1987) (stating that an ALJ must give specific, legitimate reasons for disregarding a treating
physician’s opinion); Thomas v. Barnhart, 147 F. App’x 755, 760 (10th Cir. 2005) (holding that
an ALJ must give “adequate reasons” for rejecting an examining physician’s opinion and adopting
a non-examining physician’s opinion).
The analysis of a treating physician’s opinion is sequential. First, the ALJ must determine
whether the opinion qualifies for “controlling weight,” by determining whether it is well-supported
by medically acceptable clinical and laboratory diagnostic techniques and whether it is consistent
with the other substantial evidence in the administrative record. Watkins, 350 F.3d at 1300. If the
answer is “no” to the first part of the inquiry, then the analysis is complete. If the ALJ finds that
the opinion is well-supported, he must then confirm that the opinion is consistent with other
substantial evidence in the record. Id. “[I]f the opinion is deficient in either of these respects, then
it is not entitled to controlling weight.” Id.
However, even if the ALJ finds the treating physician’s opinion is not well-supported by
medically acceptable clinical and laboratory diagnostic techniques or is inconsistent with the other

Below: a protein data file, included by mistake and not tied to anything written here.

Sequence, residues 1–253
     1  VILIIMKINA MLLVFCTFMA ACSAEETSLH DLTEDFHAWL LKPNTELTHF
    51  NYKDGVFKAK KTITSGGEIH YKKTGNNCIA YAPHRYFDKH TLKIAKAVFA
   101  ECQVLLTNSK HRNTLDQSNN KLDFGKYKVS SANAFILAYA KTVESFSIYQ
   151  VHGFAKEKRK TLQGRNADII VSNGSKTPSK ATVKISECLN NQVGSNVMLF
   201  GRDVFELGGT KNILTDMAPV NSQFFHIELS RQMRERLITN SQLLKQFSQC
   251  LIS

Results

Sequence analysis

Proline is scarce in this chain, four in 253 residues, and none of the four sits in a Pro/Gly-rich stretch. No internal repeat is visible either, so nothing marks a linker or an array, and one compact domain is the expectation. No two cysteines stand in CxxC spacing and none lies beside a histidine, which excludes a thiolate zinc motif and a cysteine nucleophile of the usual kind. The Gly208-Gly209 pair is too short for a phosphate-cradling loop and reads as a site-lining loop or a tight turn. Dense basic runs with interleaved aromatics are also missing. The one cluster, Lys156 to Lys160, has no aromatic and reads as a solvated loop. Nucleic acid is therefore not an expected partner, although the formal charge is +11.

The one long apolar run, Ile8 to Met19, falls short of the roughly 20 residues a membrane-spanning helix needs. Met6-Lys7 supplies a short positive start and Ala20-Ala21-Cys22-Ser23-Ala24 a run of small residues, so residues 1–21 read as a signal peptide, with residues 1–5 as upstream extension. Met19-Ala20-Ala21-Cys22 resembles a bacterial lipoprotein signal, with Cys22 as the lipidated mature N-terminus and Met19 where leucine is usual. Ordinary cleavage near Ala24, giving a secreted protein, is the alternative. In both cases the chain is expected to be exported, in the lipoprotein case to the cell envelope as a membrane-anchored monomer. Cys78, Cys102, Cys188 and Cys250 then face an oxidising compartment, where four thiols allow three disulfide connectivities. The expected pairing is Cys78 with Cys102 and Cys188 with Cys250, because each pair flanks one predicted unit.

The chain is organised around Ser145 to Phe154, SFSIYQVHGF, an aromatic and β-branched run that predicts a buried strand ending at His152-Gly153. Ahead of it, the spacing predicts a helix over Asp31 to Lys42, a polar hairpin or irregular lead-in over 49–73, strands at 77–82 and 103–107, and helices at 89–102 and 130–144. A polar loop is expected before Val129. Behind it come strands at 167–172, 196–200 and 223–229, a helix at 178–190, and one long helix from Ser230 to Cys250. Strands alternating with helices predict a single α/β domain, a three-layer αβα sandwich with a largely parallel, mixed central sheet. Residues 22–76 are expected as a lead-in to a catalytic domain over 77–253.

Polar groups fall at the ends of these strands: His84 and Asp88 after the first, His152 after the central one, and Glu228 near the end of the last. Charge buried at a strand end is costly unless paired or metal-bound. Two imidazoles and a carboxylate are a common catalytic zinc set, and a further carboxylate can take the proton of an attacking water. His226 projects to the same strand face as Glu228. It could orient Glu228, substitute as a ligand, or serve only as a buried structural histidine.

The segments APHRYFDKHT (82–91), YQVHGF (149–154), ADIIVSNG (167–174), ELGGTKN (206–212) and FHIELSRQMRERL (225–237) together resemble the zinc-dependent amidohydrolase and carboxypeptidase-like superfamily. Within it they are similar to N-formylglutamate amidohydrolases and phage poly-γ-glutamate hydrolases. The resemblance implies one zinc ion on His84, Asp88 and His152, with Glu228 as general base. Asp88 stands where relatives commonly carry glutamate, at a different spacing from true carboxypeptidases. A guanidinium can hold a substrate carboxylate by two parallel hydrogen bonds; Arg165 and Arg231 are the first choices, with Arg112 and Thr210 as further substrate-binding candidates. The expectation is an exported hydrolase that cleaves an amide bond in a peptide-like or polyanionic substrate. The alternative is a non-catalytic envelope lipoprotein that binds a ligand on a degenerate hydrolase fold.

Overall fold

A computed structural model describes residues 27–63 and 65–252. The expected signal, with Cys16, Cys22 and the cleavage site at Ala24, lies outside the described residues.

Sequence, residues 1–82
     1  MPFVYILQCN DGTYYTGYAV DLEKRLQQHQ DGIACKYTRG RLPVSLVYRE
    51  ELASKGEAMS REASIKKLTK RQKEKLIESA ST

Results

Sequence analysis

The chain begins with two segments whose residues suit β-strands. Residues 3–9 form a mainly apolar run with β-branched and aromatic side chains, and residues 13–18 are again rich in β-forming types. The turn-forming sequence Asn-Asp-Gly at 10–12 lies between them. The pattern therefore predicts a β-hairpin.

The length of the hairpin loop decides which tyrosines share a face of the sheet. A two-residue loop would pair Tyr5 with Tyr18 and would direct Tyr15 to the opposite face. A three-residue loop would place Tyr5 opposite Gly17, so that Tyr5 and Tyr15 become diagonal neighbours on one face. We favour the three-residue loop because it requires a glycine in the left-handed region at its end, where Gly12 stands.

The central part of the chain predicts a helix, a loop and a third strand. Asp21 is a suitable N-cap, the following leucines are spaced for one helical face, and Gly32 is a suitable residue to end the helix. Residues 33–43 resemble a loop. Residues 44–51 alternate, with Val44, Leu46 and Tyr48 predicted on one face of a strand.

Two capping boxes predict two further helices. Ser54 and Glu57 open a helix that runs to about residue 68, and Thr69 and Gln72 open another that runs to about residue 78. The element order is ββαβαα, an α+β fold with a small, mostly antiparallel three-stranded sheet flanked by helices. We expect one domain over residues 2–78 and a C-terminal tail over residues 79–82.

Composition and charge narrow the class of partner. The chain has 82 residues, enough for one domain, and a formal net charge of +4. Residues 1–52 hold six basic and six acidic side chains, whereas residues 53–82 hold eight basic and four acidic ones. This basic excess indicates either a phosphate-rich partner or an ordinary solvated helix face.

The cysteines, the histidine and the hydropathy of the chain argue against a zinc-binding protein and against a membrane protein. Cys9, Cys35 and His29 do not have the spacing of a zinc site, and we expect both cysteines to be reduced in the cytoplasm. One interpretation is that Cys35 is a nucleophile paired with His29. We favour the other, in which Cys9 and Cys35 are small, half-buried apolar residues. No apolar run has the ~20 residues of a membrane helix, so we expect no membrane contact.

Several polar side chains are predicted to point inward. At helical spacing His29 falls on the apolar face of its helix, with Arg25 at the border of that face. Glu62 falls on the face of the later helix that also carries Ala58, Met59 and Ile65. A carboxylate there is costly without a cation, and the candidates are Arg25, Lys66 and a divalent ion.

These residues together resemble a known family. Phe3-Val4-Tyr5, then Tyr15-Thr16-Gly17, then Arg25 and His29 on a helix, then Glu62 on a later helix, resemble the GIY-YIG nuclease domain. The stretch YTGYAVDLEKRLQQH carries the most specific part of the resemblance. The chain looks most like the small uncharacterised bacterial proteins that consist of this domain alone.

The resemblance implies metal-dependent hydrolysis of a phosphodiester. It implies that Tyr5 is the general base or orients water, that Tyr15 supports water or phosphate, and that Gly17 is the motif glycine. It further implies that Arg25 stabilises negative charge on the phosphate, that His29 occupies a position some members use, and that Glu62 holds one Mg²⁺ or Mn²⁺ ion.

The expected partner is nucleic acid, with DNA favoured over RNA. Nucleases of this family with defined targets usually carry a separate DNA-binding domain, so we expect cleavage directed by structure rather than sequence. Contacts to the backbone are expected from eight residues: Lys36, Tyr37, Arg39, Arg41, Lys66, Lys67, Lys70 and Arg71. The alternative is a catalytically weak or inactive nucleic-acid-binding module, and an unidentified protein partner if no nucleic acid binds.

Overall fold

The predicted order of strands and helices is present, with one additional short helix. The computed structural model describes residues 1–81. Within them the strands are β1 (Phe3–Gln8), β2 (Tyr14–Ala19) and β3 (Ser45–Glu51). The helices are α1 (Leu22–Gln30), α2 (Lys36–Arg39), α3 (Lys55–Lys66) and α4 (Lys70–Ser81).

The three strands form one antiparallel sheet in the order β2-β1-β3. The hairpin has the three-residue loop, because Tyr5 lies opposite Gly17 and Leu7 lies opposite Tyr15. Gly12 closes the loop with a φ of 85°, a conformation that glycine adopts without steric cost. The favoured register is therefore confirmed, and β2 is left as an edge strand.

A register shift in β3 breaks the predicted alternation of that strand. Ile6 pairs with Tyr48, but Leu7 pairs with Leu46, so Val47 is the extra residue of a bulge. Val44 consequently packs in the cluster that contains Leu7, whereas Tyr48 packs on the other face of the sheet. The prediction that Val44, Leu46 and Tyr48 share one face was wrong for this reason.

substantial evidence in the record, treating physician opinions are still entitled to deference and
must be evaluated in reference to the factors enumerated in 20 C.F.R. §§ 404.1527 and 416.927.
Those factors are as follows:
(1) the length of the treating relationship and the frequency of examination, (2)
the nature and extent of the treatment relationship, including the treatment
provided and the kind of examination or testing performed, (3) the degree to
which the physician’s opinion is supported by relevant evidence, (4) consistency
between the opinion and the record as a whole, (5) whether or not the physician
is a specialist in the area upon which an opinion is rendered; and (6) other factors
brought to the ALJ’s attention which tend to support or contradict the opinion.
Watkins, 350 F.3d at 1301 (citing Drapeau v. Massanari, 255 F.3d 1211, 1213 (10th Cir. 2001)).
The ALJ must give good reasons in his decision for the weight he ultimately assigns the opinion.
Id. (citing 20 C.F.R. § 404.1527(d)(2)). The reasons must be of sufficient specificity to make clear
to any subsequent reviewers the weight the adjudicator gave to the treating physician’s opinion
and the reasons for that weight. See Anderson v. Astrue, 319 F. App’x 712, 717 (10th Cir. 2009)
Plaintiff argues that the ALJ failed to properly analyze Dr. Kinney’s opinion that he “is
permanently and totally disabled.” (Dkt. 14 at 2). Plaintiff further argues that “[w]hen a treating
physician’s opinion is inconsistent with other medical evidence,5 the ALJ’s task is to examine the
10th Cir. R. 32.1 provides that “[u]npublished opinions are not precedential, but may be cited for
their persuasive value.”
The Court notes that in making this argument, plaintiff essentially concedes that Dr. Kinney’s
opinion “is inconsistent” with the remaining evidence of record.
other physicians’ reports ‘to see if [they] outweigh[ ]’ the treating physician’s report, not the other